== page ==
It’s a good time to visit the past, especially when the present seems too bad to be true. And what better time and place to revisit than the happy, carefree days growing up after the war with my paternal grandparents in Park Avenue, Pasay City.
It was a two-story house, big enough for at least half of eight bachelor sons, the widow of the eldest son, the hero and their two children, and me and Ninit, firstborn to sons number two and three.
The house had a well-ventilated basement-bodega, high enough for the four of us children to explore standing at full height. A portion of it was converted into a dwelling place for Sara, yaya once to the youngest boys; she lived there for the rest of her long life. Bent by arthritis, she, too, didn’t need to stoop any lower to get around. She kept her place clean and neat, and looked forward to our occasional visits.
House on the corner
The house was on a corner lot, occupying half the block; the other half belonged to the Parsons, who had a sprawling magazine-pretty house with a big swimming pool we could see from our upstairs. We could also see part of their garden, with those huge trees, some of whose branches reached over the solid fence between us.
On one of those branches was tied a pet monkey, which cousin Tony loved to tease. Well, one day it managed to get loose and pounced on poor Tony, biting him on the neck and refusing to let go until help came.
There was, built into the tall concrete wall between the two properties, a pedestrian gate used more often by the two younger Parson boys who came over to play with us. Through all the years I lived with Lolo and Lola, through all of grade school, I don’t recall ever having gone over to the other side.
After we cousins had all grown up and all the Roces brothers had gotten married, that gate never opened again from either side.
On our grounds, the long driveway ended on a basketball half-court in front of the two-car garage between the separate quarters for the male and female household members; as hoped, the arrangement must have somehow prevented nocturnal visits between them, for the years passed without domestic scandals I can recall.
Sunday lunches were Roces family reunions. Lola served her especially memorable pochero with the pickled garlicky mashed eggplant sauce and Spanish tomato sauce. The Roceses were always big on desserts, and these were made by my grandparents’ daughters-in-law.
The reunions often extended even after both grandparents had emerged from their siesta. Sometimes an uncle, usually Anding, would take a quick nap in Lolo’s silia perezosa in the living room. Soon my uncles, all great outdoorsmen, would be on the basketball court. There was, after all, energy to burn after the feast.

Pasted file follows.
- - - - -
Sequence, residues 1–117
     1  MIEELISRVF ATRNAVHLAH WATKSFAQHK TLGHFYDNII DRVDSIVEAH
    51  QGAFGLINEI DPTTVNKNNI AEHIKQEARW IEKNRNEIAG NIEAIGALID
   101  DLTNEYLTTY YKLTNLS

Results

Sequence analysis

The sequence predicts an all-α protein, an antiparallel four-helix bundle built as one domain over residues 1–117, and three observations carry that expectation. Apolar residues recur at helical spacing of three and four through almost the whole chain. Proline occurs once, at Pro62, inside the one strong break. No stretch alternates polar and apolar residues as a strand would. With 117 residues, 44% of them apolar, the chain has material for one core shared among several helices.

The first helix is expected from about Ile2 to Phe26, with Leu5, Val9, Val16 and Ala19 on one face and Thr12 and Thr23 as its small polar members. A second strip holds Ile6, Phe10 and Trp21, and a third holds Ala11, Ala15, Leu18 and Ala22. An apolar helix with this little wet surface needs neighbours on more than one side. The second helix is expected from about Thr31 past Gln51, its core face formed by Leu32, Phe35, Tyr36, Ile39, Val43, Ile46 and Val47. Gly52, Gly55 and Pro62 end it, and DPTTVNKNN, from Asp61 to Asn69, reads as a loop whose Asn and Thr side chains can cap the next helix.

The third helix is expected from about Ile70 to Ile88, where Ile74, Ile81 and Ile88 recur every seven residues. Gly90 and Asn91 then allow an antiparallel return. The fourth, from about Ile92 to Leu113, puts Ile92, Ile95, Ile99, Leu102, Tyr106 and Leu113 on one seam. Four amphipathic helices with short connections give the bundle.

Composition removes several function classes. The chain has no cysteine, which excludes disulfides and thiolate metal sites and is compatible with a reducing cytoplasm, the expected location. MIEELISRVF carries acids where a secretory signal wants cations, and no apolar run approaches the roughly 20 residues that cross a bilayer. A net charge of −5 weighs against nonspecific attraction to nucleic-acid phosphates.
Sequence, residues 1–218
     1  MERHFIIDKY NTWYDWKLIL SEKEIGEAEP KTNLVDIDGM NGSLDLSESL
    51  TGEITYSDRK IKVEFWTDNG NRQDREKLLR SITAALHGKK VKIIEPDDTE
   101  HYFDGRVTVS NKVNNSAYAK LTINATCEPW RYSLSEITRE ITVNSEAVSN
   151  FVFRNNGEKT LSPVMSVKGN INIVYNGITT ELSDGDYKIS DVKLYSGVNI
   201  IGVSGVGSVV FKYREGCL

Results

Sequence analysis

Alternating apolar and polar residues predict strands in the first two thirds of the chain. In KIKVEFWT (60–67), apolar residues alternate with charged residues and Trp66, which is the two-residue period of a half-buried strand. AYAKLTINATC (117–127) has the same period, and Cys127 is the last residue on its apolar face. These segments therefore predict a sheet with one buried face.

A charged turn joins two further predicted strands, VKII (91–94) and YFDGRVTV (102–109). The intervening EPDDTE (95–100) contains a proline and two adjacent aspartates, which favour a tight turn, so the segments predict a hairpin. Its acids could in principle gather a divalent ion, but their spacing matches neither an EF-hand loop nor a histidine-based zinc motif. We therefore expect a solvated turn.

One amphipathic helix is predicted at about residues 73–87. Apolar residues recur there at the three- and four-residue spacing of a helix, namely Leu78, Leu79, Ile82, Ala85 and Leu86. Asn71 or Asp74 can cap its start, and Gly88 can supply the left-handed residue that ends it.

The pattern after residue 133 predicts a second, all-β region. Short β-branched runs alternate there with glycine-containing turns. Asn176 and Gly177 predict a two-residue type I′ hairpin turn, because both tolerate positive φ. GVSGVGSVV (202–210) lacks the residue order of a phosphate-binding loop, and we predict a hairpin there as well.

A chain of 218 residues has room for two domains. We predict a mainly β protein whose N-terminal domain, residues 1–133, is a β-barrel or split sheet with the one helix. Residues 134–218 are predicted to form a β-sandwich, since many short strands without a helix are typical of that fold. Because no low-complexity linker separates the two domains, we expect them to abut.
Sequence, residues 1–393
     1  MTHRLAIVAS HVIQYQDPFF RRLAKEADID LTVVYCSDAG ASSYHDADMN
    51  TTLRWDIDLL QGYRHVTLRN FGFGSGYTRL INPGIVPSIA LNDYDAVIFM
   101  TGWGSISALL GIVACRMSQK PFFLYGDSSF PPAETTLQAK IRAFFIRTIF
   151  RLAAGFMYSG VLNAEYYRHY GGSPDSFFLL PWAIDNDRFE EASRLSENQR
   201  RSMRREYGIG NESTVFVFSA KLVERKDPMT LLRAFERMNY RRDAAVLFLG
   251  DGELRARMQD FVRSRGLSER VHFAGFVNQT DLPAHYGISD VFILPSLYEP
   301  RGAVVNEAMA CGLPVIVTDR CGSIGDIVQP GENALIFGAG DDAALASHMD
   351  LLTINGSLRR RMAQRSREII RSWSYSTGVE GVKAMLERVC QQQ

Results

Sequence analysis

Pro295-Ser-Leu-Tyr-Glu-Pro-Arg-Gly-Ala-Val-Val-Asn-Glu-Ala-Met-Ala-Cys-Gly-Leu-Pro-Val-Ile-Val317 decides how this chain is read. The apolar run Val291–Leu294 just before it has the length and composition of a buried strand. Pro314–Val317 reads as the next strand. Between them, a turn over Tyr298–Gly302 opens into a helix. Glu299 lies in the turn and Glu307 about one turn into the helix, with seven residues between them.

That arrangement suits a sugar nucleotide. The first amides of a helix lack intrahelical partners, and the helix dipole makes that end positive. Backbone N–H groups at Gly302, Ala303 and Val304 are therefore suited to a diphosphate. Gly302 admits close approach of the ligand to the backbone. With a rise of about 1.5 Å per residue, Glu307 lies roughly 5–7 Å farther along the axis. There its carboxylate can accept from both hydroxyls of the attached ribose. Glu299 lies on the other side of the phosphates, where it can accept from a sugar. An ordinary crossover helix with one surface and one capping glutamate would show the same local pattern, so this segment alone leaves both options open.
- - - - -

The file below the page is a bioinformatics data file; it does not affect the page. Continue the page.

Nobody was ever properly geared for those impromptu games. Dad would remove his barong and play in his camisa China, long pants and leather shoes. In their youth only three of the nine brothers made the height to qualify for school competitions. Dad wasn’t one of them.
At the back end of the court were two concrete benches for short breaks of cold Sarsi or iced water or Lola’s homemade atis ice cream, both players and spectators. I myself preferred watching from the screened window of the dining room.
It was from the same window that my grandparents took a peek whenever we held evening dancing parties on that court; she would inevitably ask someone to turn up the lights. As soon as she retired, the lights were dimmed again.
Way of coping
There, I feel better already. For a while I forgot that Rodrigo Duterte’s notorious solicitor general was being recycled as chair of the Commission on Audit for the President and that Rappler had been ordered shut down by the Securities and Exchange Commission, among other recent bad news.
For that alone my trip to the past was well worth it. If I reminisce in the midst of sad and dangerous times, it is my way of coping and inspiring fellow seniors to plod on, until we can think of a better and more active response.
If I don’t feel inspired to hope, it’s because I’ve seen all this before. What adds to my gloom is that I happen to believe that if any gesture of goodwill from the new President had been forthcoming, it would have already come when he was still wooing the voters.
There are, of course, always those who like to hang on to hope and, if the choice were between that and becoming utterly helpless, they could be doing the right thing for themselves anyway, for peace of mind and general morale.
Try as I may, I cannot seem yet to navigate myself into that safe haven where I could wait this storm out. Those who have survived such severe times say what kept them going was not hope, which could wane and be lost in time, but acceptance of the reality, as bad as it was, and taking it a day at a time.